“In South Africa, for example, TB is the commonest cause of death and the disease is out of control in Africa,” said Dr. Keertan Dheda, head of the Division of Pulmonology at the University of Cape Town.
But there is new hope as a small number of new drugs have become available.
“For the first time after about four to five decades, we have two drugs. One is called bedaquiline,” Dheda said. “That has now been registered in South Africa and is available to treat many patients with drug-resistant TB. And there’s another new drug called delamanid, that’s not yet licensed in South Africa but is available in other countries.”
New drugs must be used carefully
In a report published in the Lancet medical journal, Dheda and his co-authors warn that the effectiveness of these new drugs could be rapidly lost if they aren’t used correctly.
“There are several case reports globally of patients that have already become resistant to both delamanid and bedaquiline. We need to change our strategy,” Dheda said. “We need to go out into the community and find these cases. We have to address the major drivers of TB, which are poverty and overcrowding, nutritional deprivation, alcohol abuse, cigarette smoking and biomass fuel exposure,” Dheda added in a VOA interview Thursday.
The report warns the new drugs must be prescribed as individually targeted treatments with clear dosing guidelines, to prevent further resistant TB strains from emerging.
A month before the first round of France’s presidential election, 43 percent of voters are hesitant about who to vote for, a poll said Friday, underlining the uncertainty surrounding the volatile election campaign.
Opinion polls show independent centrist Emmanuel Macron and far-right leader Marine Le Pen likely to lead in the first round of the election April 23 and that these two candidates would go through to a May 7 run-off that Macron would win easily.
But an opinion poll by Odoxa for franceinfo radio found that 43 percent of voters were still hesitating between several candidates, which it said reflected an “uncertainty unprecedented in (French) electoral history.”
“The level of voter indecision about the candidates is completely exceptional,” Odoxa said.
Investors have been jittery about the possibility of Le Pen, leader of the anti-European Union, anti-immigration National Front, winning the election and taking France out of the euro.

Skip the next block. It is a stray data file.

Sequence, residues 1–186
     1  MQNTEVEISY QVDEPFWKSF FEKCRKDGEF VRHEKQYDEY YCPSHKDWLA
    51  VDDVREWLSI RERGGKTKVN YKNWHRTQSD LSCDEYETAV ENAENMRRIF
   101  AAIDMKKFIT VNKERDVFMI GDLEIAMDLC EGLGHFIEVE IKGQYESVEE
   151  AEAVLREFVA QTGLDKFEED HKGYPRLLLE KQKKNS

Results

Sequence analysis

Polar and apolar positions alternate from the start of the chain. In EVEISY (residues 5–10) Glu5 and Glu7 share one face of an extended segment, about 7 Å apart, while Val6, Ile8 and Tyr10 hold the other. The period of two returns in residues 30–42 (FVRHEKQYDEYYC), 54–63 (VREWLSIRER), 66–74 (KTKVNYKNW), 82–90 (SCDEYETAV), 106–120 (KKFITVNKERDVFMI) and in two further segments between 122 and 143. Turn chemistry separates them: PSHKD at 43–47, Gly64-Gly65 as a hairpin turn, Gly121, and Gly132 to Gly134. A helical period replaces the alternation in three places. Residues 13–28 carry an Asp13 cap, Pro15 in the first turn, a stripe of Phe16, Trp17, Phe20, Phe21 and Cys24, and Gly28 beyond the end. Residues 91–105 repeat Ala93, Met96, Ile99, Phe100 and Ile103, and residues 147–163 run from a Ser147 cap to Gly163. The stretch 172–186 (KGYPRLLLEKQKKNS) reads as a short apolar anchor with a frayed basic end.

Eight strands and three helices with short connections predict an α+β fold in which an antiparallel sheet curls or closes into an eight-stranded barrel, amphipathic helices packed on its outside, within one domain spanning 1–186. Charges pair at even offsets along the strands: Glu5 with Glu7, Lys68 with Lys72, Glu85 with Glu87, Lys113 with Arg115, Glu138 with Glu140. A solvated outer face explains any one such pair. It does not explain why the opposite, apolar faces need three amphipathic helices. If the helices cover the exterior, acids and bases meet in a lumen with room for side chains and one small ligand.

On the right, more sure
The poll found that potential voters for right-wing candidates — Le Pen and conservative Francois Fillon — were more settled in their choices than potential voters for Macron and the leading left-wing candidates, Benoit Hamon of the ruling Socialist Party and far-left firebrand Jean-Luc Melenchon.
Sixty percent of Le Pen’s potential voters and 57 percent of Fillon’s had definitely decided on their candidate compared with 47 percent for Macron, 44 percent for Melenchon and 40 percent for Hamon, the poll found.
Fillon slipped in polls
Fillon, once the front runner, has slipped in the polls since media reports in late January that he had paid his wife, Penelope, and two children hundreds of thousands of euros of public funds for work they may not have carried out.
Fillon accused President Francois Hollande in a television interview on Thursday of being involved in what he alleges is a government plot to spread damaging media leaks about his affairs to destroy his chances of being elected.
Speaking in the House of Commons, Britain’s Prime Minister Theresa May solemnly listed the diverse nationalities of those injured in Wednesday’s lone wolf attack in London, underlining the global nature of the British capital and its diversity. She emphasized the attacker was British-born.
But some British nationalists and nativists have been quick to blame whole communities for the attack, accusing migrants and liberals for having created the conditions for Islamist terrorism.
Two narratives are being fought over in newspapers and social media following the attack that left four dead and 40 injured. One emphasizing the importance of unity and embracing plurality, the other tarring foreigners as the threat and blaming migrants and freedom of movement in the European Union for terrorism.
“In addition to 12 Britons admitted to hospital, we know the victims include three French children, two Romanians, four South Koreans, one German, one Pole, one Irish, one Chinese, one Italian, one American and two Greeks,” May told a subdued House of Commons.
“A terrorist came to the place where people of all nationalities and cultures gather to celebrate what it means to be free. And he took out his rage indiscriminately against innocent men, women and children,” said May.
WATCH: May addresses House of Commons
“We are united by our humanity,” responded Britain’s main opposition leader, Jeremy Corbyn.
But shortly after the exchanges between lawmakers emphasizing the importance of diversity, Nigel Farage, one of Britain’s leading Brexiters, struck a different tone.
Despite May confirming police believe the assailant was British born, Farage used the London attack to blame politicians who embrace multiculturalism and lambasted immigration mainly from the Middle East for “inviting in terrorism.”
“We’ve made some terrible mistakes in this country, and it really started with the election of Tony Blair back in 1997, who said he wanted to build a multicultural Britain,” said Farage, the former leader of Britain’s UK Independence Party.